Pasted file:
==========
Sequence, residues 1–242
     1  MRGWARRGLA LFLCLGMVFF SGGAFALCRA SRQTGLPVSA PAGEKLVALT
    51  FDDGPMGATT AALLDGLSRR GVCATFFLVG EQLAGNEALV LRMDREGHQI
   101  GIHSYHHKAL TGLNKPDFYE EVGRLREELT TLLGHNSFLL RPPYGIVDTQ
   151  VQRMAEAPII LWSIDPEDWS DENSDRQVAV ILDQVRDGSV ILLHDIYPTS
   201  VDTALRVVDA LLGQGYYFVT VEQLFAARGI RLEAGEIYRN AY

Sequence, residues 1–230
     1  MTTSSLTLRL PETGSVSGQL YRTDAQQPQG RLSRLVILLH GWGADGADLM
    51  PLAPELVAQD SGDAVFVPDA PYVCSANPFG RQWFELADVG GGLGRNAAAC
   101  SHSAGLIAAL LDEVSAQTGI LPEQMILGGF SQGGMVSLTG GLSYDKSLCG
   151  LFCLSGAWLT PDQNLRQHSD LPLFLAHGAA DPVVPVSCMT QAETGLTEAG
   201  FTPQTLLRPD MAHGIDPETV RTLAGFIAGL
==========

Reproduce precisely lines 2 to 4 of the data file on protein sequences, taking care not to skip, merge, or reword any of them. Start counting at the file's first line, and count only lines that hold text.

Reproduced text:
     1  MRGWARRGLA LFLCLGMVFF SGGAFALCRA SRQTGLPVSA PAGEKLVALT
    51  FDDGPMGATT AALLDGLSRR GVCATFFLVG EQLAGNEALV LRMDREGHQI
   101  GIHSYHHKAL TGLNKPDFYE EVGRLREELT TLLGHNSFLL RPPYGIVDTQ